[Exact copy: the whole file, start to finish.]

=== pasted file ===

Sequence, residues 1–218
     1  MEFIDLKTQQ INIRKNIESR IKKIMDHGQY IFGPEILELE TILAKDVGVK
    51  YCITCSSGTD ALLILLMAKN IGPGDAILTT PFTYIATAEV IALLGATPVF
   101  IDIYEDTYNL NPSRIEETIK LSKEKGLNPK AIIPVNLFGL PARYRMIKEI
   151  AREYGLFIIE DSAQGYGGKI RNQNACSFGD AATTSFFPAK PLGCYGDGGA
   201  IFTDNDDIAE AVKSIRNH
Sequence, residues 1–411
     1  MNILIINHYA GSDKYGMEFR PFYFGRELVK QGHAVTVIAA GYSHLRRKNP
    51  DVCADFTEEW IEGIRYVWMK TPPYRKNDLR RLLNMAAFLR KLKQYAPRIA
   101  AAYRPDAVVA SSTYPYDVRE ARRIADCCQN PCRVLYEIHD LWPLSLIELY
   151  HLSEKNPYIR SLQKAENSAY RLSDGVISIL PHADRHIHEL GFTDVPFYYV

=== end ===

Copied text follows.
Sequence, residues 1–218
     1  MEFIDLKTQQ INIRKNIESR IKKIMDHGQY IFGPEILELE TILAKDVGVK
    51  YCITCSSGTD ALLILLMAKN IGPGDAILTT PFTYIATAEV IALLGATPVF
   101  IDIYEDTYNL NPSRIEETIK LSKEKGLNPK AIIPVNLFGL PARYRMIKEI
   151  AREYGLFIIE DSAQGYGGKI RNQNACSFGD AATTSFFPAK PLGCYGDGGA
   201  IFTDNDDIAE AVKSIRNH
Sequence, residues 1–411
     1  MNILIINHYA GSDKYGMEFR PFYFGRELVK QGHAVTVIAA GYSHLRRKNP
    51  DVCADFTEEW IEGIRYVWMK TPPYRKNDLR RLLNMAAFLR KLKQYAPRIA
   101  AAYRPDAVVA SSTYPYDVRE ARRIADCCQN PCRVLYEIHD LWPLSLIELY
   151  HLSEKNPYIR SLQKAENSAY RLSDGVISIL PHADRHIHEL GFTDVPFYYV